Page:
OV: Tipica ’73 was a simple, organic group. We played sones and other Cuban tunes but, at the same time, Rene Lopez was doing ballads in English. In addition to such an extraordinary versatility level, we had connections in the Latin music scene because Johnny Rodriguez Jr. was good at getting work. We worked nightclubs, theaters, graduations, etc.
TP: After Tipica ’73, you formed Los Kimbos with Adalberto Santiago. The group recorded four albums for the Cotique label, after which you packed your bags and moved to the West Coast.
OV: In 1975, Santana called me and offered me a gig. At the time, his band had changed management, and things were shaky. Also, I was under contract with Fania Records to do three more albums with Los Kimbo’s. I told Carlos that I was under contract, and I wasn’t sure if I was ready to go into Latin Rock. In 1980 he called me and invited me to participate in the album Zebop () and tour with the band. At the end of the tour, he invited me to join the band. To make a long story short, he moved me and my family to California, all expenses paid.
TP: How difficult was it for you to make the transition from Salsa to Latin Rock?
OV: It’s like going from Spanish to Japanese. I had to find a way to fit in with the band without disturbing my concept (style). I haven’t said this to anyone, but I thought of leaving the band, but a strange thing happened. I received a cassette tape from Changuito (Jose Luis Quintana), who must have read my mind. He told me it was not a good time to leave the band and not worry that my music would always come through. I stayed with Santana for another four years. Around the same time, I received a letter from Marty Cohen of Latin Percussion. He saw the band perform in New York, and he congratulated me on my ability to approach Santana’s music without compromising my style. That meant a lot to me.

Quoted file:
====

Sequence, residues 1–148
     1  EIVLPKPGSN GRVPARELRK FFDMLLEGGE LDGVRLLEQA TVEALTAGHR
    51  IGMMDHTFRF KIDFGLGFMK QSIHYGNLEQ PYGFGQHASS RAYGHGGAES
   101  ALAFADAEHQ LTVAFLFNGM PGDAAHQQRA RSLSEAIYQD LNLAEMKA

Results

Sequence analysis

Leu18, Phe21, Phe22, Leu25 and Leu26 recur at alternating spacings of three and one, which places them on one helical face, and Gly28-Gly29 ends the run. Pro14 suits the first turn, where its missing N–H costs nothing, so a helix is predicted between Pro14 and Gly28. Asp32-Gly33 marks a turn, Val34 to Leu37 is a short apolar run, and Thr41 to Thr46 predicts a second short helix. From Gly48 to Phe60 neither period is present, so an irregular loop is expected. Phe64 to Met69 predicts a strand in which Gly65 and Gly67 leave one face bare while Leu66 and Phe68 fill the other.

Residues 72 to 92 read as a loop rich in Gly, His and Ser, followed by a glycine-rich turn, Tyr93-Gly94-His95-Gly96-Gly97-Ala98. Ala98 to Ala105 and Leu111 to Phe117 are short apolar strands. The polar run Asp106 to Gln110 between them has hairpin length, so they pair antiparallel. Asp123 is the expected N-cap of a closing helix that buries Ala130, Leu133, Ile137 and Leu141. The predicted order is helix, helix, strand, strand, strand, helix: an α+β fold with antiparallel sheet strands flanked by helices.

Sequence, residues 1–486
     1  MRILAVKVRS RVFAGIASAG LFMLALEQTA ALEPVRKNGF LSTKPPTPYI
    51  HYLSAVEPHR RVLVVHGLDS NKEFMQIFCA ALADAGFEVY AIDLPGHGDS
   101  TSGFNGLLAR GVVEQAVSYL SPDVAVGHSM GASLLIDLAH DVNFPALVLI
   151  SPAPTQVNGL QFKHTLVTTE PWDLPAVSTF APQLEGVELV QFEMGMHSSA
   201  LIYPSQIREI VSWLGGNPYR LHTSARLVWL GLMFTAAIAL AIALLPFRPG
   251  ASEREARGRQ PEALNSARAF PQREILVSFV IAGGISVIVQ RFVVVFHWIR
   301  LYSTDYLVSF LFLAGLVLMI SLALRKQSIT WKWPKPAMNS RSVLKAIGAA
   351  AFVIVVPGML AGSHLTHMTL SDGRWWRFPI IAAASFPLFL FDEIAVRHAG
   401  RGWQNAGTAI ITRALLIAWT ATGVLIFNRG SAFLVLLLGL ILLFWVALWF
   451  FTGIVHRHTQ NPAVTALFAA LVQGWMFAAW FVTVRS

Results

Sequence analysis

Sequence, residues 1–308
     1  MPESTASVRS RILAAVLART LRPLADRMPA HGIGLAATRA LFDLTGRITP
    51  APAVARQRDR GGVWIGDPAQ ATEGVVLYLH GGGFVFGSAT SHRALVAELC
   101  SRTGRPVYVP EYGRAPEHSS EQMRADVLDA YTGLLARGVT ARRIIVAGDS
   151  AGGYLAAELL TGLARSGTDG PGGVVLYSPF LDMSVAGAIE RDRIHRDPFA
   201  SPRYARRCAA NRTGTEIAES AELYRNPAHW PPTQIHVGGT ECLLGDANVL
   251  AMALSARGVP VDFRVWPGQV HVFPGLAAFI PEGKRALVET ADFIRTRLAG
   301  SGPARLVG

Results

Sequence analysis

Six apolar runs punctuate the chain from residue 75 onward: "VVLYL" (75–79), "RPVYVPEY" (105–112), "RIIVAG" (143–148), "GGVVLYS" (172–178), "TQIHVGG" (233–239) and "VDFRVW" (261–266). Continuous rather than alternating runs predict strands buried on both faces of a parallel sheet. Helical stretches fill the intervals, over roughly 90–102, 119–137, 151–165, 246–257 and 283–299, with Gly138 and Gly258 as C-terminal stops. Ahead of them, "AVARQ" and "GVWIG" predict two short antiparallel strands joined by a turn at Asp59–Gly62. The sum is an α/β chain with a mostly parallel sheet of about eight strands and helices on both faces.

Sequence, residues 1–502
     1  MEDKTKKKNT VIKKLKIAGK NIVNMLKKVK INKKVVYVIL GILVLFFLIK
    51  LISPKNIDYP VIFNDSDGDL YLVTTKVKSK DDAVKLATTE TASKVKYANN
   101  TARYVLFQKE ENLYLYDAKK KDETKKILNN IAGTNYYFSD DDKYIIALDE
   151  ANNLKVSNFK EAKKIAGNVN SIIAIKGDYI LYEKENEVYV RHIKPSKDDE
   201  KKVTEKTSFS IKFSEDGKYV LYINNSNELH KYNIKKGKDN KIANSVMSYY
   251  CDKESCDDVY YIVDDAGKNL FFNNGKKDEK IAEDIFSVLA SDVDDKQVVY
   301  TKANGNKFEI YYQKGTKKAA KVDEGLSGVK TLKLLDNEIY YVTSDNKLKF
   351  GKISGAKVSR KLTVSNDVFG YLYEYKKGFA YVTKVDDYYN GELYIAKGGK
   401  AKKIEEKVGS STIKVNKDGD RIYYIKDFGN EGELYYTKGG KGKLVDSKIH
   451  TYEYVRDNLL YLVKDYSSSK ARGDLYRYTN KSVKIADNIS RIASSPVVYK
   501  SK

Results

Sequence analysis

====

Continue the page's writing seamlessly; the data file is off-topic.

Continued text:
TP: And you proved, “There is life after Santana!”
OV: I’ve heard many people say that when I was with Santana, and it stayed with me. There was life after Santana! I recorded with Linda Rondstadt and Cachao. Also, I recorded Ritmo Y Candela – Rhythm at the Crossroads () with Carlos “Patato” Valdes and Changuito, which won a Grammy.
TP: The Rhythm at the Crossroads series are classics and high on my list of spectacular recordings. I play them often.
OV: We went into the studio without preconceived ideas of what we were going to do. We laid down the percussion, and later, flutist John Calloway arranged the music.
TP: You have a long-standing relationship with the percussionist, educator John Santos, and the Machete Ensemble. Tell me about working with John and the significance of the group.